But I wonder if, rather than being a confusion of ontologogy vs. epistemology, if the confusion is, instead, between prescriptive cultural relativism and descriptive cultural relativism. Descriptive cultural relativism tells us nothing at all about the ontological existence of objective morality. Moral objectivism (or moral realism) is perfectly consistent with descriptive cultural relativism. It's only prescriptive cultural relativism that poses a challenge to moral objectivism. So I think this distinction ought to be fleshed out when it looks like there's a misunderstanding going on in these discussions. I suspect that when people raise the observation about cultures disagreeing on morality as a challenge to moral objecivism that they are confusing the two kinds of cultural relativism. They are conflating one with the other by treating descriptive relativism as if it were prescriptive relativism.

I suppose the best way to handle the situation is just to ask questions for clarification on what the other person's objection is. Maybe they misunderstand your position and think you are claiming that moral beliefs are universal or that everybody holds to the same moral standards.

Friday, January 21, 2022

D'oh! My bad. Lewis' argument from reason revisited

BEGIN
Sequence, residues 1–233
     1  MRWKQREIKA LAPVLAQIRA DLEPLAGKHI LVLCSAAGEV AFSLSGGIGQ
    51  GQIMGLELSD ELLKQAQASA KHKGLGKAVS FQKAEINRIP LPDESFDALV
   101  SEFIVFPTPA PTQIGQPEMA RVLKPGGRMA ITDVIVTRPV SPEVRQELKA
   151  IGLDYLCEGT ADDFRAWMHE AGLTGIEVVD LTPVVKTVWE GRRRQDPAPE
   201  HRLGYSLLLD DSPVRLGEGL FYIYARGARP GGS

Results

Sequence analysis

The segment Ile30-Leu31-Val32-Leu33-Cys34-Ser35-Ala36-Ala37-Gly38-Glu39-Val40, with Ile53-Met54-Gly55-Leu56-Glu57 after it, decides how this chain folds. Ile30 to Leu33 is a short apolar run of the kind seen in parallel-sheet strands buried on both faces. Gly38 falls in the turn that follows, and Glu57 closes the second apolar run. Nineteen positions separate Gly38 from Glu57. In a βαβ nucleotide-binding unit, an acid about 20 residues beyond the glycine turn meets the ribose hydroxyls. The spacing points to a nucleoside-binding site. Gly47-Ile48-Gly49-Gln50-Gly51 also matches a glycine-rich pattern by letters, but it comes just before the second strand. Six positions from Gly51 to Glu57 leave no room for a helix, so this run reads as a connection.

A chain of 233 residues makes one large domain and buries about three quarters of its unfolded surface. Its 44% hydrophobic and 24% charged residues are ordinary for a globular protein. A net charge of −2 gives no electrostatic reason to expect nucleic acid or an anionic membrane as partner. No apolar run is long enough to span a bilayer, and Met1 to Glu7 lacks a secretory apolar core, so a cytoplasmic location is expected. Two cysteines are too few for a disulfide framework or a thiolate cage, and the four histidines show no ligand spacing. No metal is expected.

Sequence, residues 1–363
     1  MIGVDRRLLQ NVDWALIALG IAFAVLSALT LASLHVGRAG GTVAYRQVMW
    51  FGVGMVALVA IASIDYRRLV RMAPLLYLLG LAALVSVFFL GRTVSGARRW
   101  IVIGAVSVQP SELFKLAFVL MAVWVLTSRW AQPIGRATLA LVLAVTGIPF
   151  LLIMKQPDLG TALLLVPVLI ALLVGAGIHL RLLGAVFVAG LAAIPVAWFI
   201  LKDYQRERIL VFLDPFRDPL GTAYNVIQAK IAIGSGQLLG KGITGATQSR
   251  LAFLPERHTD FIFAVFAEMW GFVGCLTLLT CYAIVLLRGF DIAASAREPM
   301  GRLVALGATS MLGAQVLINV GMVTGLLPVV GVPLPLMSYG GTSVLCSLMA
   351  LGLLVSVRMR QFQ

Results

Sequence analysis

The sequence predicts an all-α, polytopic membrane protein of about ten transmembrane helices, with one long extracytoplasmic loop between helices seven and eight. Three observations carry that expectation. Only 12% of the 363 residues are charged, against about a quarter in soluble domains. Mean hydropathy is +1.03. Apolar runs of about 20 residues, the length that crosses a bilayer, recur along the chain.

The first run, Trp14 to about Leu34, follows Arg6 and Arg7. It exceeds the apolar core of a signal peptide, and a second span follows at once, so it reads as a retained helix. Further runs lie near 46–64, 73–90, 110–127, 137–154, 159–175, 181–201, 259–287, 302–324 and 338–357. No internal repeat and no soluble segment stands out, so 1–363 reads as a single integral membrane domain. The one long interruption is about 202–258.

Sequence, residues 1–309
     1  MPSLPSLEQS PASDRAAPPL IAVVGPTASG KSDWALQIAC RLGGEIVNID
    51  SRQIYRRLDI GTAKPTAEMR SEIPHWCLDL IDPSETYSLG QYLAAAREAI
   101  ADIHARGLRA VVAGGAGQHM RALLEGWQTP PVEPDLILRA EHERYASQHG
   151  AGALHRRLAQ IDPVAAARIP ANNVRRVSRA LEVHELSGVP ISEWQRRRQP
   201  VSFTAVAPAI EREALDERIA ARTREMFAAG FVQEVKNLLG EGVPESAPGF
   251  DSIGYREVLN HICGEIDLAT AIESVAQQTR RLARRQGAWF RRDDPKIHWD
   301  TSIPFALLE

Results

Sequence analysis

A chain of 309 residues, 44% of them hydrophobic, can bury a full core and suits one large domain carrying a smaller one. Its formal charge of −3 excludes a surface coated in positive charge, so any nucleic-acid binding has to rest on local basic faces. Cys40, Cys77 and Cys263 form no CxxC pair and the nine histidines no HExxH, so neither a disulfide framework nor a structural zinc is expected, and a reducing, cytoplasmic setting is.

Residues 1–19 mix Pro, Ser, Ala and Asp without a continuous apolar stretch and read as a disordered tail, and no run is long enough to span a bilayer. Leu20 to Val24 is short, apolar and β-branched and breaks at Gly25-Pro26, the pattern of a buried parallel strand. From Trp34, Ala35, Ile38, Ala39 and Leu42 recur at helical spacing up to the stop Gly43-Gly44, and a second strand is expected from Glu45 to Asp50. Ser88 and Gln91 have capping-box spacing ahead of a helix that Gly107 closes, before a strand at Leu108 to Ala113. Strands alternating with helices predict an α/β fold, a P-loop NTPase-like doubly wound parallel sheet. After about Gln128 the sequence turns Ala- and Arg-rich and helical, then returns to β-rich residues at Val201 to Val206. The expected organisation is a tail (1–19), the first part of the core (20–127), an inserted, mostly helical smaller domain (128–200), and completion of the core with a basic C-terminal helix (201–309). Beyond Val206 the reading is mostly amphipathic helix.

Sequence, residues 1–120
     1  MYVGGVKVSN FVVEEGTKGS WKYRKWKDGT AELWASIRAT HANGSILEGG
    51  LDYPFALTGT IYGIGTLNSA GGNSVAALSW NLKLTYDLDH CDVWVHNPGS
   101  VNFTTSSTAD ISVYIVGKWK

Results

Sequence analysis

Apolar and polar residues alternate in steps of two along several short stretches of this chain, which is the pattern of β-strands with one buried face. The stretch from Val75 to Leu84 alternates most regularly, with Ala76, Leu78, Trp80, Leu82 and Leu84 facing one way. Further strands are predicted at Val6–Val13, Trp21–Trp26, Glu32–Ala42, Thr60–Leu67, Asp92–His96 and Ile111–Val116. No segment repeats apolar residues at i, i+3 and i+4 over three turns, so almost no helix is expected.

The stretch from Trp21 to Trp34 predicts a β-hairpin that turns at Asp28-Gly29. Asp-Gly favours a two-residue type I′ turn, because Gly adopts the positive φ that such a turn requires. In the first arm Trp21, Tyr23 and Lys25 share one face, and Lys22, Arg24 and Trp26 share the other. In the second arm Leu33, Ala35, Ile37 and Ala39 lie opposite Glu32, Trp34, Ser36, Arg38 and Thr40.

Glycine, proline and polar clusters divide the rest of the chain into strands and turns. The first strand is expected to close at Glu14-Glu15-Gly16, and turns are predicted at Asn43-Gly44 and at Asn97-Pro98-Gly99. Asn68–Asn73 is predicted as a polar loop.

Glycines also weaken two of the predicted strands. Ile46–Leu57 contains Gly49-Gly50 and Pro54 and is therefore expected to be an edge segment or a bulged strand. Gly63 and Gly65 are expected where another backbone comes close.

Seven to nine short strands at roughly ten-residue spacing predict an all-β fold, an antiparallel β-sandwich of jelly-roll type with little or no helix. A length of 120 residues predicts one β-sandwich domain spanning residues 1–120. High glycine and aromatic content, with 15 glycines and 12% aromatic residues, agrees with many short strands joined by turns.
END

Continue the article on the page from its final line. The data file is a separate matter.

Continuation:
For a long time now, I've complained about how other apologists have misrepresented C.S. Lewis' argument from reason. The mistake a lot of people make is in thinking that Lewis argued that determinism undermines reason, when Lewis argued no such thing.

But it turns out I've had a misconception about his argument myself. What's worse is that my misconception lead to me being inconsistent in my epistemology, and I only recently noticed my inconsistency.

For a long time, I've treated Lewis' argument as if it showed that naturalism undermines all knowledge. I've argued that if our beliefs are caused by blind mechanistic forces, then they can't be rational. The inconsistency in my epistemology was that I also have defended the notion that certain items of knowledge (the foundational a priori ones) are hard-wired. We are essentially caused to believe them. Yet they are rational, and we are justified in holding those beliefs. They count as knowledge.

What's worse is that the way I have attempted to demonstrate that the distorted version of Lewis' argument that a lot of apologists use is a fallacious argument is by pointing out that there are justified true beliefs we have that are both caused and determined, for example, by our sensory perceptions, like my belief that there's a cat on my lap.